Nepal at a loss over future of ex-VIP cars

Former ministerial car in Nepal government garage
Image caption It is not clear at present what exactly will happen to the cars (Photo by Bhaswor Ojha)

Officials in Nepal say they are at a loss to know what to do with luxury vehicles handed back to the state by the deposed king and former ministers.

About 24 government vehicles were returned following a Supreme Court order last month.

They belonged to former King Gyanendra - overthrown in 2008 when the monarchy was abolished - as well as several former prime ministers and ministers.

The deluxe fleet is currently gathering dust in government-run garages.

Officials say the authorities failed to prepare contingency plans for their handover to the state.

The vehicles must remain parked because no laws have been passed stipulating what should be done with them, they say.

"About two dozen expensive vehicles have been parked - either at the home ministry or at the prime minister's office," Home Secretary Sushil Jung Bahadur Rana told the BBC Nepali Service.

The vehicles include expensive SUVs, Land Cruisers, Prados and Pajeros. But the cream of the fleet is a Mercedes Benz car used by former King Gyanendra.

In its ruling on 9 December, the Supreme Court concluded that decisions taken by various cabinets to provide vehicles, fuel, rent and other perks to senior figures of former administrations - including members of the judiciary and civil servants - were "arbitrary, discriminatory and against the law".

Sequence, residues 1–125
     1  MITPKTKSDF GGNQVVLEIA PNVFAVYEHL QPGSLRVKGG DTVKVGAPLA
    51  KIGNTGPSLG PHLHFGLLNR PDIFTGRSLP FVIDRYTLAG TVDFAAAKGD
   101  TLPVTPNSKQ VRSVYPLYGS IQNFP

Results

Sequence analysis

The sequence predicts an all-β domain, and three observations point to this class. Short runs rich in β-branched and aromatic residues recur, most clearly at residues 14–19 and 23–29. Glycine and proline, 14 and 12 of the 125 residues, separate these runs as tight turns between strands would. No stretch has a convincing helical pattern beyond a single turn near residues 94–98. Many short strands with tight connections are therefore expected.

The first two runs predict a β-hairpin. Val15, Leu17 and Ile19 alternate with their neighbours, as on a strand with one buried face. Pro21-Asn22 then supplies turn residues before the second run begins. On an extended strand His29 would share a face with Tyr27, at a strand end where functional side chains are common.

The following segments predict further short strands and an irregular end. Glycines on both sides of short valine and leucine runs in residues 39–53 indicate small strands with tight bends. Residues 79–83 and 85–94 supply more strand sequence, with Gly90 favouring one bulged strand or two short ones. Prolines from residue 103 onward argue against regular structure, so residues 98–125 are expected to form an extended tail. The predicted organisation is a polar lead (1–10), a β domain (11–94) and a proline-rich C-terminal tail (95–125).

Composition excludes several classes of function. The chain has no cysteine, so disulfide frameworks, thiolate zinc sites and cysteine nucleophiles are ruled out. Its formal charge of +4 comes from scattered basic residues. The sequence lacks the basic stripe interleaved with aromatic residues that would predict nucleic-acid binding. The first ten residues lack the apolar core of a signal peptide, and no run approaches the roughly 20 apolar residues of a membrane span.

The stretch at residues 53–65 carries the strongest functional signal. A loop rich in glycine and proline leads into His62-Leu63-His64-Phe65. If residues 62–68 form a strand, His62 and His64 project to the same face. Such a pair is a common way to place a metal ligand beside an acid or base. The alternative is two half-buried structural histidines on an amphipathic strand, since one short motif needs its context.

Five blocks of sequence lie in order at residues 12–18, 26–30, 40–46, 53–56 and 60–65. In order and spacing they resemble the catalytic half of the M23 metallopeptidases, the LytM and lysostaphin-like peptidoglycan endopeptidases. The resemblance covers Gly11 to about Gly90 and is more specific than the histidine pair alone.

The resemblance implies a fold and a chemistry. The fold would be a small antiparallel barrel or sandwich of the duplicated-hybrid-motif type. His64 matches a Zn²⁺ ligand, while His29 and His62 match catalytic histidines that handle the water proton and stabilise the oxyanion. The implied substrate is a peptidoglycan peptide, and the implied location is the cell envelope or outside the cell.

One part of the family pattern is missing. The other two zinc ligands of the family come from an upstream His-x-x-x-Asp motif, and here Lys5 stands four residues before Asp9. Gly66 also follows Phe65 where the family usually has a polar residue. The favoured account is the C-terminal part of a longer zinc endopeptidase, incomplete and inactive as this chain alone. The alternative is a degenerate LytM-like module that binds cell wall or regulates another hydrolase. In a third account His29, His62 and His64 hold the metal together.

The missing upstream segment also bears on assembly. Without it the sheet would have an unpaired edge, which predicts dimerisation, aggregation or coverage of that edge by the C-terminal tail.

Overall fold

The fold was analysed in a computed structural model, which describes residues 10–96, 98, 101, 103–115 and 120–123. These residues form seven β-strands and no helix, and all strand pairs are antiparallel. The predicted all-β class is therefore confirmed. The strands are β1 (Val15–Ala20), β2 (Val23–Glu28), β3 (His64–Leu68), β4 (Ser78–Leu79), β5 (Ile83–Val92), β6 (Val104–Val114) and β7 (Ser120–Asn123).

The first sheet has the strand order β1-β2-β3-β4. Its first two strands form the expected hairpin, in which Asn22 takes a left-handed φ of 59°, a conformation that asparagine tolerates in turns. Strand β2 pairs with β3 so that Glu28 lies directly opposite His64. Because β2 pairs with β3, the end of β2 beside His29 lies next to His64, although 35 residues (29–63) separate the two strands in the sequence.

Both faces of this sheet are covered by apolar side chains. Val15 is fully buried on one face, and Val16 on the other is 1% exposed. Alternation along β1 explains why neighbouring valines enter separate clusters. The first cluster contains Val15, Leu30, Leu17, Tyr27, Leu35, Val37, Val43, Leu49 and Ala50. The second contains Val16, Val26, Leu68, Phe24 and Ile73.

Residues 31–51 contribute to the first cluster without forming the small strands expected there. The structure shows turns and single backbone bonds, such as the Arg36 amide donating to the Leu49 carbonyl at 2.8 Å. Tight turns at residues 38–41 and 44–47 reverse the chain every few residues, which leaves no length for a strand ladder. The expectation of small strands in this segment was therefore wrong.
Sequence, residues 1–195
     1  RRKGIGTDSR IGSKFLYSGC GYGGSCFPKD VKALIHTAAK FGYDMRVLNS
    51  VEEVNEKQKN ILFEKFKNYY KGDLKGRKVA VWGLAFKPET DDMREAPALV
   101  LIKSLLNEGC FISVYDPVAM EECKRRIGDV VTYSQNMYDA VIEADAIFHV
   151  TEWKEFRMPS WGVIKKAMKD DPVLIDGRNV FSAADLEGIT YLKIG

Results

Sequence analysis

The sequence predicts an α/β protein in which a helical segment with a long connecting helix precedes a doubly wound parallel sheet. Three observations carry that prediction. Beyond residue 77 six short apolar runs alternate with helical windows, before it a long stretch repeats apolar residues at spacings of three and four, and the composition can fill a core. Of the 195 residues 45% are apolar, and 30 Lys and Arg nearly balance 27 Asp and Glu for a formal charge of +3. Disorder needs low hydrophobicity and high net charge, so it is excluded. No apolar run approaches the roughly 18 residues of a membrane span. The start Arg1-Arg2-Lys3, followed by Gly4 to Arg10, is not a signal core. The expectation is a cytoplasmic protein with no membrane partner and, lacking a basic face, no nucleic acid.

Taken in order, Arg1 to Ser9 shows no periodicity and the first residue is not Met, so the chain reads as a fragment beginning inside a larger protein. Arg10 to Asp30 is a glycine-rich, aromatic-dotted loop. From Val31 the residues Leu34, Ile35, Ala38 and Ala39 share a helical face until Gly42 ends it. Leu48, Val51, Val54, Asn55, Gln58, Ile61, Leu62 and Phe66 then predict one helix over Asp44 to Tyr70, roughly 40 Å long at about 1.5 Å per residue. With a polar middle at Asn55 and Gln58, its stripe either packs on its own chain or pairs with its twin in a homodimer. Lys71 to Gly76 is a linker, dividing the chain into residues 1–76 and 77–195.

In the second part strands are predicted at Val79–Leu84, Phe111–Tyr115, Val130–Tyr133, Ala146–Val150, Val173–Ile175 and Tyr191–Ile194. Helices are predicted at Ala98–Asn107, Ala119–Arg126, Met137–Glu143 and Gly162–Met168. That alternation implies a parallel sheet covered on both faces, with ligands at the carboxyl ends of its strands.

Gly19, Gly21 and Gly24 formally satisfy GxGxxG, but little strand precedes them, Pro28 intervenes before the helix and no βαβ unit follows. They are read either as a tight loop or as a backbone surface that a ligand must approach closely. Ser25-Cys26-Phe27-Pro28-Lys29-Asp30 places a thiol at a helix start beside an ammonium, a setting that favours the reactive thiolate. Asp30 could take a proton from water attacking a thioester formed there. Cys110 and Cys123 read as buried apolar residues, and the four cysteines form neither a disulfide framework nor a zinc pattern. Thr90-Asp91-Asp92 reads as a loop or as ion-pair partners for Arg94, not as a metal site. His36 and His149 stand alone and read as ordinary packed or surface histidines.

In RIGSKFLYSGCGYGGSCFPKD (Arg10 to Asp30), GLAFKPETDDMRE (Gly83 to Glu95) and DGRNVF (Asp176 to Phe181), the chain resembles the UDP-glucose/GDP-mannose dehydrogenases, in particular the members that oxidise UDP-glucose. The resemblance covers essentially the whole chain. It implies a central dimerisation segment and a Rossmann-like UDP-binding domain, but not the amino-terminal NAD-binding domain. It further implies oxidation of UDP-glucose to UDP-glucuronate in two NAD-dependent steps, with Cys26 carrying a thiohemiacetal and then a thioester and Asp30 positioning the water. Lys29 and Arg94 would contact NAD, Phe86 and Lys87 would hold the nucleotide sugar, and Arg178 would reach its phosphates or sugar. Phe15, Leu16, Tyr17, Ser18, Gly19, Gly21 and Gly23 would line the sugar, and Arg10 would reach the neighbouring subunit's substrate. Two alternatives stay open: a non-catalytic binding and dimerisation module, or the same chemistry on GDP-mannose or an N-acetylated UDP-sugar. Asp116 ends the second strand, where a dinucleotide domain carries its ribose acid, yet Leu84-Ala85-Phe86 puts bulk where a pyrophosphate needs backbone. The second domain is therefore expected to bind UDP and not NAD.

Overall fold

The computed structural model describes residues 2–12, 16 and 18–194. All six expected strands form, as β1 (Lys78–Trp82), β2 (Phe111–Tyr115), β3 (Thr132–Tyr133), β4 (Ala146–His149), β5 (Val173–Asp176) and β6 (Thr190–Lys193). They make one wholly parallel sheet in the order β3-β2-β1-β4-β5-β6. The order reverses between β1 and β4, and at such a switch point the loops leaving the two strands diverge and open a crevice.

Image caption PM Baburam Bhattarai opted for a budget-friendly local Mustang

The court ordered the government to withdraw such facilities from former ministers, including former heads of state. Officials say Gyanendra is joined by numerous former dignitaries who are affected by the order.

Former Prime Ministers Jhalanath Khanal, Madhav Kumar Nepal, Pushpa Kamal Dahal (the Maoist leader Prachanda) and Lokendra Bahadur Chand have all returned their vehicles.

Mr Rana said the government was "sensitive over the possible damage of such expensive vehicles due to lack of use and proper maintenance".

"That's why we are currently working on introducing a law that ensures facilities to VVIPs," he said.

"These vehicles could be damaged if we don't carry out maintenance on them. We will provide such vehicles to VVIPs immediately after laws relating to them are formulated."

In August PM Baburam Bhattarai spurned the opportunity of travelling in a luxurious car - instead choosing an unglamorous Mustang assembled in Nepal.

Its unostentatious reputation made it the ideal choice for a Maoist prime minister who insisted that his top priority was the eradication of poverty.

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